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   2022| May-August  | Volume 5 | Issue 2  
    Online since August 20, 2022

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The airway challenge
Venkateswaran Ramkumar
May-August 2022, 5(2):63-64
  904 115 -
Measuring what matters: Respiratory archetypes in extreme preterm neonates
Arif Abdulsalam Kolisambeevi, Femitha Pournami, Ajai Kumar Prithvi, Anand Nandakumar, Jyothi Prabhakar, Naveen Jain
May-August 2022, 5(2):65-69
Background: Descriptions of course of illness during prolonged intensive care is as essential as studying outcomes in extremely low gestational age neonates (ELGANs). Understanding the expected trajectory of respiratory illness aids in the recognition of risk factors followed by appropriate counselling and resource allocation. We studied the patterns of respiratory illness in ELGAN over the first 2 weeks and its association with bronchopulmonary dysplasia (BPD). Methodology: Levels of respiratory care in ELGAN from 2017 to 2021 were analysed. They were classified into four groups (pragmatically at the bedside) based on oxygen requirements as Category 1: persistent low needs (PL) – FIO2 <0.3 on day 3, and FIO2 <0.3 at 2 weeks, Category 2: progressive worsening (PW) – FIO2 <0.3 on day 3, worsening to >0.3 at 2 weeks, Category 3: persistent high needs (PH) – FIO2 >0.3 on day 3, continuing to need >0.3 at 2 weeks and Category 4: progressive improvement (PI) – FIO2 >0.3 on day 3, improving to <0.3 at 2 weeks. The proportion of infants in each group who developed BPD was also determined. Results: Seventy-four survivors of 91 live-born ELGAN were included, of whom 29.7% developed BPD. Most infants were in PL category (83.8%). Those in the worse categories (PW and PH) constituted only 4.05%. The association of classification as worse patterns (PW or PH) with BPD was not statistically significant, but the numbers were very small. Conclusions: Major proportion of ELGAN were categorised into reassuring archetypes of respiratory requirements. Drawing conclusions about the association with BPD may need analysis of a larger number of infants.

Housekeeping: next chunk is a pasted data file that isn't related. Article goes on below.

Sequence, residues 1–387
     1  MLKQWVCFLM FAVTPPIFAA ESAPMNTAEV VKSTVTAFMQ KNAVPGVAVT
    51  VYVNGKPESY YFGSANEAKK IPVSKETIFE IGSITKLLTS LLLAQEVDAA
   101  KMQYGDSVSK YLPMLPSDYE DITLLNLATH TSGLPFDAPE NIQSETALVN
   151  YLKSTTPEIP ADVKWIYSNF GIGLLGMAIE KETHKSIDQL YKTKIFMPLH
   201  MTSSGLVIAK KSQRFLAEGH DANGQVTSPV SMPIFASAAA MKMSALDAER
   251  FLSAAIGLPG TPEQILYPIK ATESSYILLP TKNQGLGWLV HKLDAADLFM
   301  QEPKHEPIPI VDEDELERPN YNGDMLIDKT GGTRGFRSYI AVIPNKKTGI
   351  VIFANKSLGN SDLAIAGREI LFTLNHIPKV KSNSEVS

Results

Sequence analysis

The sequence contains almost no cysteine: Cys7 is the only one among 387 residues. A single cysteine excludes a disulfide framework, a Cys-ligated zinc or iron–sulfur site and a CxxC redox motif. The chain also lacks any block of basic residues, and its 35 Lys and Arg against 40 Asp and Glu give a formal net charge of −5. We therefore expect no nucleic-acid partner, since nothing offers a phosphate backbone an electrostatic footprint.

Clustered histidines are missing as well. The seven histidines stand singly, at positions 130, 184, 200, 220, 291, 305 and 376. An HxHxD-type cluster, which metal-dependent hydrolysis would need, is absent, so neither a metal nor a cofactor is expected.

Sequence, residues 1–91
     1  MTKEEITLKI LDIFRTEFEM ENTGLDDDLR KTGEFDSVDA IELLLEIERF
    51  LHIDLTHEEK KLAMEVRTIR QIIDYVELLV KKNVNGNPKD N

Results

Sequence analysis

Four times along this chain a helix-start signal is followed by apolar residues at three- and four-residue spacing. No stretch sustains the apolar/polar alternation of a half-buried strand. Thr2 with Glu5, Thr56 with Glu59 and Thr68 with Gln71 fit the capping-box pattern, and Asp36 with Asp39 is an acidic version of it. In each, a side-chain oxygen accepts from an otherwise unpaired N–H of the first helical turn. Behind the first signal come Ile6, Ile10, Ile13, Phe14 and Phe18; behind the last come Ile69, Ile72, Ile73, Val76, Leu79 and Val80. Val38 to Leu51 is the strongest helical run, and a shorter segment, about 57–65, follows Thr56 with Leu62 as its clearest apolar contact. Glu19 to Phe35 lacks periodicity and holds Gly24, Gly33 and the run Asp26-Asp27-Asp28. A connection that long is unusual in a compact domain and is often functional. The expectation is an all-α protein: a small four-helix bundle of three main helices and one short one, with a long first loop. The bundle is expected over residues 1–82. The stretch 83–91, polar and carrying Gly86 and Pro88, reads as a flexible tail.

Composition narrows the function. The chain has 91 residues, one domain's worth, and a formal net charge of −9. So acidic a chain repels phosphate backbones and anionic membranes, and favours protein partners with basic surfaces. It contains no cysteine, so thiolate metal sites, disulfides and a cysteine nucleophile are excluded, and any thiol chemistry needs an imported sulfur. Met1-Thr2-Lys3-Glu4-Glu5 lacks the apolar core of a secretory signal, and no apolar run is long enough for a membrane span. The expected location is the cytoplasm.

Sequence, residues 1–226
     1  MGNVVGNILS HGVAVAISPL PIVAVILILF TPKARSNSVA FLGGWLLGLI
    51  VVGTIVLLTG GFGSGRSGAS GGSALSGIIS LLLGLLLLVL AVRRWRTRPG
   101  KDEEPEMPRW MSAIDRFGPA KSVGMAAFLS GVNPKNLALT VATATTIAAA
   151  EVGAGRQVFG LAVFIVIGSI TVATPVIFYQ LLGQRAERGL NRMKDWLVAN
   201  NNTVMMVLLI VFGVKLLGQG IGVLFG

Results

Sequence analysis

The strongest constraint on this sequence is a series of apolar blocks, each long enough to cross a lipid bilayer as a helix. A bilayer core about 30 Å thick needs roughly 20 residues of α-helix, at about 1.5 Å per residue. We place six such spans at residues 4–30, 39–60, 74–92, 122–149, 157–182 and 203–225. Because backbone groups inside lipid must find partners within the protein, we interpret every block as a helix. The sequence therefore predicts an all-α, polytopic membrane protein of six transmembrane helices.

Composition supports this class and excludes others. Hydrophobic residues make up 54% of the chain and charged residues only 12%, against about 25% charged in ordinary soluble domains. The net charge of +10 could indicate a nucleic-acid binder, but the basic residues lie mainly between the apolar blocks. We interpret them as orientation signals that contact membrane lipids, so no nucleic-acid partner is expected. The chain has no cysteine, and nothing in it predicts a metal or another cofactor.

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Perioperative adverse respiratory events in children with obstructive sleep apnoea
Swapna Thampi, Shang Yee Chong, Dilip Kumar Pawar
May-August 2022, 5(2):70-76